Jorhat is at war. In Jorhat town, Congress and Bharatiya Janata Party kiosks line the streets. Hoardings have gone up at major crossings, featuring the party pantheons: Narendra Modi-Sarbananda Sonowal-Kamakhya Prasad Tasa-Hiten Goswami for the BJP, Tarun Kumar Gogoi-Rana Goswami for the Congress.

On the last day of campaigning for the first phase of the polls, a BJP rally disappeared down one of the arterial roads, past ruminating cows and speculative shopkeepers. A few seconds later, another rally advanced from the opposite direction, the hand symbol blazoned on motorbikes and headgear. Rana Goswami, sitting MLA and Congress candidate for the Jorhat assembly constituency, waved at people from an open jeep.

Although other candidates are also standing for elections in the town, this is really a two-way contest.

Battle of Assam

Indeed, in many ways, the battle for Jorhat district lies at the heart of the battle for Assam. This is the district that is to give Assam its next chief minister: in Titabor, Congress incumbent Tarun Gogoi faces BJP MP Kamakhya Prasad Tasa; in the river island of Majuli, the BJP's chief ministerial candidate, Sarbananda Sonowal, will fight it out with the Congress's Rajib Lochan Pegu, who has held the seat for three terms.

This could also be a symbolic battle. Jorhat town, the last capital of the Ahom kings and the site of assertions against British rule, has played an important part in shaping Asomiya identity. The town is still called the "cultural capital" of Assam. So the major ideological battles of these elections, Congress versus BJP, Assamese "sub-nationalism" versus mainstream Hindu nationalism, could well have played out in Jorhat.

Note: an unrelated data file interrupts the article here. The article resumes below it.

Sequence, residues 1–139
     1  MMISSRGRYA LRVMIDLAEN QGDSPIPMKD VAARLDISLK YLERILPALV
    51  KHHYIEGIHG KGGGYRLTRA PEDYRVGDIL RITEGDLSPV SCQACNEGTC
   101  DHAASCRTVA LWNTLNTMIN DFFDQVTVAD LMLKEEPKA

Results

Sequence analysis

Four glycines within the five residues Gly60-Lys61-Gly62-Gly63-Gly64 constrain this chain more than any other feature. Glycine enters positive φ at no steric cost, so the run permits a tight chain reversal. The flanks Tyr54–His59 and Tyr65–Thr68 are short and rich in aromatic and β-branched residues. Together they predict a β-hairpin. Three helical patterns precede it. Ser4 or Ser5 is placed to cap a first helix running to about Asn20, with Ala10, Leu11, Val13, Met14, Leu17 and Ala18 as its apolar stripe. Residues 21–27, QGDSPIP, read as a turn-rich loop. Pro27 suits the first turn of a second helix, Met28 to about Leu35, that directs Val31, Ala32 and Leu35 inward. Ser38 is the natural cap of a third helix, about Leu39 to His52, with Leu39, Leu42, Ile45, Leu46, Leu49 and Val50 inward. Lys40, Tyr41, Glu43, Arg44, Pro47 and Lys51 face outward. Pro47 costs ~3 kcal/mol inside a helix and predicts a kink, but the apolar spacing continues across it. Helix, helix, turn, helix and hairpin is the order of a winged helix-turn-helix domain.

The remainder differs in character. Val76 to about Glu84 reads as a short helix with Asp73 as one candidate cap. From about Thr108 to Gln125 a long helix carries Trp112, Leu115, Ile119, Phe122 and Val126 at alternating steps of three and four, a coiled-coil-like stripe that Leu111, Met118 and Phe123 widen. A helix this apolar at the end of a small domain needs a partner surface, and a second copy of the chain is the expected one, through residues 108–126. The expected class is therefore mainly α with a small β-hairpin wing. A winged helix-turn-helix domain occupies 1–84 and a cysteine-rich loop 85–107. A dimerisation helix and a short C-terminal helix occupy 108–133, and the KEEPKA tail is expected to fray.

But in the end, both parties ran campaigns on more quotidian issues, questions of how people live, work, move around, rather than the larger battles of identity. Barring a few instances, Congress, the reigning champion, and BJP, the challenger, have sounded remarkably similar in Upper Assam.

The Congress bastion

After 19 kilometres of pitch dark road from Jorhat town, Titabor greets you in a blaze of street lights. Set amidst tea gardens, the main town has three colleges, a number of high schools, a railway station and an airport nearby. Quite evidently, this is the chief minister's home turf. Born on a tea estate in Titabor constituency, Tarun Gogoi has held the seat since 2001. So, a day before campaigning ended, this was where he was to be found.

The chief minister's son, Gaurav Gogoi, an MP from Kaliabor, zipped around the constituency for a few last minute meetings. Gogoi senior, however, was holding a durbar at the picturesque Thengal Manor, a heritage hotel. A small crowd of the party faithful had been invited. They waited in the portico, under a chandelier and gracious arched windows. Food packets were to be distributed after the meeting.

After a while, the chief minister emerged from the halls within, sat down behind a marble-topped table and murmured at the crowd, occasionally checking with a small notebook. A laundry list of problems were trotted out: unemployment, drinking water, sanitation, electricity, education. The Centre was duly upbraided for not giving enough to Assam and not starting welfare schemes of its own.

In Lower Assam, the All India United Democratic Front leader Badruddin Ajmal tells voters he will solve their problems, "insh'allah". In Upper Assam, Tarun Gogoi tells his voters that change will come, "lahe lahe", slowly slowly.